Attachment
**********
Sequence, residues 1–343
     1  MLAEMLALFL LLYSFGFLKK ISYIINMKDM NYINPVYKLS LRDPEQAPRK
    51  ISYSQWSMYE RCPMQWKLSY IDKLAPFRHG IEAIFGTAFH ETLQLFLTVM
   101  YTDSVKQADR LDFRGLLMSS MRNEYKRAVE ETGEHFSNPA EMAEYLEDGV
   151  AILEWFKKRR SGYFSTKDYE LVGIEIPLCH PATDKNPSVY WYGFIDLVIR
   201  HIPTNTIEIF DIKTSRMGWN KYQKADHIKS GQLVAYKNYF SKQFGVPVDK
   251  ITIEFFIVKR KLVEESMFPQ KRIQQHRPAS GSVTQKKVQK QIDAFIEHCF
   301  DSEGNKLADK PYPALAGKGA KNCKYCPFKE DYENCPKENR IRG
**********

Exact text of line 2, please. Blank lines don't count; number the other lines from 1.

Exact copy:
     1  MLAEMLALFL LLYSFGFLKK ISYIINMKDM NYINPVYKLS LRDPEQAPRK